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Mauchlin v. Zhon

United States District Court, D. Colorado

February 25, 2016



RAYMOND P. MOORE United States District Judge

This matter is before the Court on Plaintiff Peter P. Mauchlin’s Sworn Declaration, with exhibit, (the “Objection”) (ECF No. 193) requesting the following relief: (1) the vacating of Magistrate Judge Nina Y. Wang’s Order of February 2, 2016 (the “Order”) (ECF No. 192), which denied Mr. Mauchlin’s request for appointment of counsel; (2) an independent investigation of Steve Clough’s Declaration (ECF No. 184-1), because it is allegedly perjurious; (3) the sealing of “Theodore Kosinksi’s”, [1] the unabomber, medical records, because Dr. Clough allegedly revealed Mr. Kaczynski’s confidential medical information; and(4) the recusal of the Magistrate Judge, because she allegedly abused her discretion in approving Defendants’ counsel - rather than a “disinterested third-party” - to investigate and report on Mr. Mauchlin’s vision treatment. As Mr. Mauchlin proceeds pro se, the Court liberally construes the Objection (titled as a Sworn Declaration) as a combined objection to the Magistrate Judge’s Order and motion for additional relief. Upon consideration of the Objection, the Order, the Declaration of Steve Clough (the “Declaration”), the Court file, and the applicable statutes, rules, and case law, and being otherwise fully advised, the Court denies all relief requested.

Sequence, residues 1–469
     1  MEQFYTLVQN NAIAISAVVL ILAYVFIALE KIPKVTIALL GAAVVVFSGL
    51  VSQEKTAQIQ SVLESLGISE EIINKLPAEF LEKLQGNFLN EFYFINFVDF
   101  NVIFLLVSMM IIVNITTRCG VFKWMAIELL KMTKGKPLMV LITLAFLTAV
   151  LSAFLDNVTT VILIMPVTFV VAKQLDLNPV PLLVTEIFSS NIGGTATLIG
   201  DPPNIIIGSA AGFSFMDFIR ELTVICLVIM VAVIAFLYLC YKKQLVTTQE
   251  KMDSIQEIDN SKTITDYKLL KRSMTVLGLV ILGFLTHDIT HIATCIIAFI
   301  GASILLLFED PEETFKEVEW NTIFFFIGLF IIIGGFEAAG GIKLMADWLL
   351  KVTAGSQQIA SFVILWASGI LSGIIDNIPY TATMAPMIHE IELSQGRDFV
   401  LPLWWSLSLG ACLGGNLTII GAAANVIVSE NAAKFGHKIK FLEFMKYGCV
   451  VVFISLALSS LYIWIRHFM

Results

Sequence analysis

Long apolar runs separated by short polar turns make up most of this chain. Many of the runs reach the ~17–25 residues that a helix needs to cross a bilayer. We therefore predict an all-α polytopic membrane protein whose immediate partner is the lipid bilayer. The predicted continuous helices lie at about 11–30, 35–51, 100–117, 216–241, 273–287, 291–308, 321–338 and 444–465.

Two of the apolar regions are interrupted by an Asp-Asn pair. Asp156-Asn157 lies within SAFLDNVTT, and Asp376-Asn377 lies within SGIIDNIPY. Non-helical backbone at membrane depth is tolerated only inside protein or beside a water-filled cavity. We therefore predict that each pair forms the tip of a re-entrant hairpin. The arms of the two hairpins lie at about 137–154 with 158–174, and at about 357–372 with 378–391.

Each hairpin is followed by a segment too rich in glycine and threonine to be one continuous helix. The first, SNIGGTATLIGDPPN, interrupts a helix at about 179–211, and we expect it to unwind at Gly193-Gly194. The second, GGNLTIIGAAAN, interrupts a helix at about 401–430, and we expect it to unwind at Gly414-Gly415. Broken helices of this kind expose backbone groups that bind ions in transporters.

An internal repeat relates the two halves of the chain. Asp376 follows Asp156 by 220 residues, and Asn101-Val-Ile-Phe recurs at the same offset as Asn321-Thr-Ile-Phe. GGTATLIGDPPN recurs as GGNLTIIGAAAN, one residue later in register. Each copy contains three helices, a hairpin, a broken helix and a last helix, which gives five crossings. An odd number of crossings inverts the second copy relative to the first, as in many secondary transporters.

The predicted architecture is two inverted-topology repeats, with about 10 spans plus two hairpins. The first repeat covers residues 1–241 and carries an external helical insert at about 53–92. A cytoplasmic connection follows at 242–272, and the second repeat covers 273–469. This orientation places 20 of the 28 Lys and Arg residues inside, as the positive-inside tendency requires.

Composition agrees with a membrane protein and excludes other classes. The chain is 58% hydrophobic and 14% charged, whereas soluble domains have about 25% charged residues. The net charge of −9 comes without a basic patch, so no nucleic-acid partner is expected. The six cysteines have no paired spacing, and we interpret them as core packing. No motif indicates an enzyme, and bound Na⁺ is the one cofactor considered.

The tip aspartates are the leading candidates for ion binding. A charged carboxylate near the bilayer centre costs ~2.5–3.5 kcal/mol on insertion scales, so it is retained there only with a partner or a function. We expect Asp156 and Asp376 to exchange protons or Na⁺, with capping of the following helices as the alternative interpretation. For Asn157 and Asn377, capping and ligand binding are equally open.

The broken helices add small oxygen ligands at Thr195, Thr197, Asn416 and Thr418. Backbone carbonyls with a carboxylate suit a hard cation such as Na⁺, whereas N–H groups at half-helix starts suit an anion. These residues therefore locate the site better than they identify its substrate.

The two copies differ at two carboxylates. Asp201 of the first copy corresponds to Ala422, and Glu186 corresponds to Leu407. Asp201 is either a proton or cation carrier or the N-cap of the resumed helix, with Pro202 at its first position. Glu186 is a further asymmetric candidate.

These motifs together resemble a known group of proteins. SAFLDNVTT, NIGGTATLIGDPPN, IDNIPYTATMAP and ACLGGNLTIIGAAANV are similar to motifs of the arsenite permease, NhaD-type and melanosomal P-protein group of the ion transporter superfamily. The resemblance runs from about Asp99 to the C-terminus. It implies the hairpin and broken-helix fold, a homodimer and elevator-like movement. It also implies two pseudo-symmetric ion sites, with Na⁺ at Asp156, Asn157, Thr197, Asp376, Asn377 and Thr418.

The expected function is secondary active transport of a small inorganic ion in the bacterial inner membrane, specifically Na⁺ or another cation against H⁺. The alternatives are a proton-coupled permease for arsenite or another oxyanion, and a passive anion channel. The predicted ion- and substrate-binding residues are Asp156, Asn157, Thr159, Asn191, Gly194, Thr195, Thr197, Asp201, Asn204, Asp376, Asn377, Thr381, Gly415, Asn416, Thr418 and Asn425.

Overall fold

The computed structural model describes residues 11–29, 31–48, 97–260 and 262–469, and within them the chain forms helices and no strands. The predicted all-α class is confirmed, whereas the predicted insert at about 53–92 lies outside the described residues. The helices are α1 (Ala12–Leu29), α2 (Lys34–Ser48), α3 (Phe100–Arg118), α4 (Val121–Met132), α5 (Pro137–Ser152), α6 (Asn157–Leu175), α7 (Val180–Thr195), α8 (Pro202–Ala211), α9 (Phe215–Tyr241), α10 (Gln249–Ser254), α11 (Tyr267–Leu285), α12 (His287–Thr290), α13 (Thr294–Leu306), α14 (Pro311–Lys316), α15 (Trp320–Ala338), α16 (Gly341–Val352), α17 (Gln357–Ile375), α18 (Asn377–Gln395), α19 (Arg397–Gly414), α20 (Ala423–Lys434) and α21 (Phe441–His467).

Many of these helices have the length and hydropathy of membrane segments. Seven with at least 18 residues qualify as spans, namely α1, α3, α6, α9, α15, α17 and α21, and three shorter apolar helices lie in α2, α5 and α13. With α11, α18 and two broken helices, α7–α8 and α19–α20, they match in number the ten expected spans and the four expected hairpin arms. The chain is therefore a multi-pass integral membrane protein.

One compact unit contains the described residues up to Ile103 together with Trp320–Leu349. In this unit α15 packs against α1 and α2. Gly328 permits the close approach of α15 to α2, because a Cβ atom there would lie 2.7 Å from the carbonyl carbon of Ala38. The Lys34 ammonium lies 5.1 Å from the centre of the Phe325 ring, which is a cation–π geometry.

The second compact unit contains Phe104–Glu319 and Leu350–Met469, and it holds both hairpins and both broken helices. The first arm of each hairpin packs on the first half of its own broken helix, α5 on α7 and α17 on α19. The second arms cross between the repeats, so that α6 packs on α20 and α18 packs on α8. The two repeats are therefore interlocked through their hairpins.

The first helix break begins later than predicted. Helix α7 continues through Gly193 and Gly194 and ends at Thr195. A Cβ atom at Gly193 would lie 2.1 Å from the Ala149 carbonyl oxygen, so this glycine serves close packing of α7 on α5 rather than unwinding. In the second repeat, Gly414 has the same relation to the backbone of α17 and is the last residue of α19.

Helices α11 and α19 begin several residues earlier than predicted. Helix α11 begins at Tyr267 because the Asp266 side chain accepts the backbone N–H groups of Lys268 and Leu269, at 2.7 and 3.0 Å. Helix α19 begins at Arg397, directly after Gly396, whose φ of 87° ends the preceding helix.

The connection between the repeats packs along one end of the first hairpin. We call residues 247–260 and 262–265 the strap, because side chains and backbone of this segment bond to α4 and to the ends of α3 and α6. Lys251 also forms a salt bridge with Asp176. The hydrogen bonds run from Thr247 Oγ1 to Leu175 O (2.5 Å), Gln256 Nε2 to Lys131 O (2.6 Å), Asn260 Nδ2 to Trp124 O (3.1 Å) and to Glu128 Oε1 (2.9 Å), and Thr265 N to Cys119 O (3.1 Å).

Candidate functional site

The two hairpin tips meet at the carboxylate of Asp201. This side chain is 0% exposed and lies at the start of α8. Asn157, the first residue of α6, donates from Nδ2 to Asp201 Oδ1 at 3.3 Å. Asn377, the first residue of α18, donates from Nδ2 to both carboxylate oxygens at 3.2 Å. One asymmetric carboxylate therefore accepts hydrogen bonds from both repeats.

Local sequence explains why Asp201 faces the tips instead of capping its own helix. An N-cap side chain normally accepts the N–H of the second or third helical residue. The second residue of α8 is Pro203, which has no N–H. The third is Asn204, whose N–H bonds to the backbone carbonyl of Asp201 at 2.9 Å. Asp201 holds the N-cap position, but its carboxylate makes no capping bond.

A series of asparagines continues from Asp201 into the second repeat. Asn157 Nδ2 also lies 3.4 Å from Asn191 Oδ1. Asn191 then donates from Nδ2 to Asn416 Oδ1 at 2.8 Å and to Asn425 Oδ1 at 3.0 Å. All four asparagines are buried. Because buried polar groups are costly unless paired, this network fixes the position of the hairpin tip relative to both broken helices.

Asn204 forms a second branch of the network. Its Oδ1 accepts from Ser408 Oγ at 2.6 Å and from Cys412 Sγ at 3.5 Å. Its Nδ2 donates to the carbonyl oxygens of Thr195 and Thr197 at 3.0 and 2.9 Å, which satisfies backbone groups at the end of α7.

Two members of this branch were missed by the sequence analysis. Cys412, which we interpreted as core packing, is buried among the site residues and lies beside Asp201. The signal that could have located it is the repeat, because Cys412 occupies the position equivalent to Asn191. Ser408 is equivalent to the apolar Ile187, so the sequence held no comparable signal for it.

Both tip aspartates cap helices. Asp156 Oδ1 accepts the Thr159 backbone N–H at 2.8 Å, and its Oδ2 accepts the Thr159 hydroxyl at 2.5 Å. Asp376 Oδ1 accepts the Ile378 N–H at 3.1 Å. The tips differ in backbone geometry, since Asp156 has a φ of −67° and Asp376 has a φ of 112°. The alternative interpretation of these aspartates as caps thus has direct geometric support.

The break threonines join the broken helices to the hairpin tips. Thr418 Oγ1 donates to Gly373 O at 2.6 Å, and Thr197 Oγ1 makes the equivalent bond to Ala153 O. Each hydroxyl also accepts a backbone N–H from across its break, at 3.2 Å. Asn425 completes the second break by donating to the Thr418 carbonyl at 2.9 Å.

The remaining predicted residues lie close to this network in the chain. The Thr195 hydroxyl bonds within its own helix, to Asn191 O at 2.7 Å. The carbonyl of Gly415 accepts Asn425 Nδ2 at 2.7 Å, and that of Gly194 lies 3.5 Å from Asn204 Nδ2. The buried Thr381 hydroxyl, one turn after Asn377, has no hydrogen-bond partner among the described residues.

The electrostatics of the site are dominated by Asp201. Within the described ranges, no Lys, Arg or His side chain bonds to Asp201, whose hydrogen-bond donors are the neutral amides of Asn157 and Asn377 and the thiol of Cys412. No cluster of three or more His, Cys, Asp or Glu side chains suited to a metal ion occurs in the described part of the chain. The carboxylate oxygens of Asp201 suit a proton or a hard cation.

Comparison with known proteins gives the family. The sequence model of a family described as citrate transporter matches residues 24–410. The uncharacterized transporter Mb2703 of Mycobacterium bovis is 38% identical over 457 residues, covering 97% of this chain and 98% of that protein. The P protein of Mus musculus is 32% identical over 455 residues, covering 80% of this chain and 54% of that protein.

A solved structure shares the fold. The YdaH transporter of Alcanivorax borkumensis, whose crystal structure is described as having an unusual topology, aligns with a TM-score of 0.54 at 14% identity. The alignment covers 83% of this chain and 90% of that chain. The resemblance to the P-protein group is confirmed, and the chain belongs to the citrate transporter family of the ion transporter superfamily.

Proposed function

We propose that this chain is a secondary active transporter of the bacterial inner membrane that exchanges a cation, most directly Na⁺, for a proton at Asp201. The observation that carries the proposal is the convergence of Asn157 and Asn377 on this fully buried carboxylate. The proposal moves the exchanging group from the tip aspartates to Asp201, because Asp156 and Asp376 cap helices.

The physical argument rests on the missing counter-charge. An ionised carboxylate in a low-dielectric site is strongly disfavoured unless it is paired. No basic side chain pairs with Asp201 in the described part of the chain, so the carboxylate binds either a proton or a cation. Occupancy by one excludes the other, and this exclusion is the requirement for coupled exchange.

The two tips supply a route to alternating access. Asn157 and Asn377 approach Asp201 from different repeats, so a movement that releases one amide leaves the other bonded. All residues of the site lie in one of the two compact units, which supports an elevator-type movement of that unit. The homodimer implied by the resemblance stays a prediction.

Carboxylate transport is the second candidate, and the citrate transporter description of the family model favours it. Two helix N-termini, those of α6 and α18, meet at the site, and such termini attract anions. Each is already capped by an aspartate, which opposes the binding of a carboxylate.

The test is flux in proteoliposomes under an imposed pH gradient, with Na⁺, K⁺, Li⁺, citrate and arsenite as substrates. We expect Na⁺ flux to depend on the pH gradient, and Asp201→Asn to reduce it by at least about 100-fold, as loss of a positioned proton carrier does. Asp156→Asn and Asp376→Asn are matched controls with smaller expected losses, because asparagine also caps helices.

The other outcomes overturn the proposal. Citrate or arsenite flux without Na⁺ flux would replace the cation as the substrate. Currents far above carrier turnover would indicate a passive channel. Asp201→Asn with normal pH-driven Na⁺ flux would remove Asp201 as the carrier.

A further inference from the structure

Mr. Mauchlin filed this action alleging deliberate indifference to his conditions of confinement, in violation of the Eighth Amendment to the United States Constitution. Upon the Recommendation of United States Magistrate Judge, [2] subsequently adopted by this Court, this case was administratively closed in light of Mr. Mauchlin’s then impending cataract surgery. (ECF Nos. 158-162.)

By letter dated August 10, 2015, Mr. Mauchlin requested this case be reopened based on assertions his eye problems had not been addressed. By Order dated September 1, 2015, this case was reopened. On December 29, 2015, the Magistrate Judge held a status conference where Mr. Mauchlin renewed a request for appointment of counsel due to vision problems. The Magistrate Judge ordered Defendants to file, among other things, a status report setting forth the status of Mr. Mauchlin’s eye treatment and the reasons why Mr. Mauchlin has not received the cataract surgery for which he had been allegedly approved. The Magistrate Judge also set a further status conference for February 2, 2016.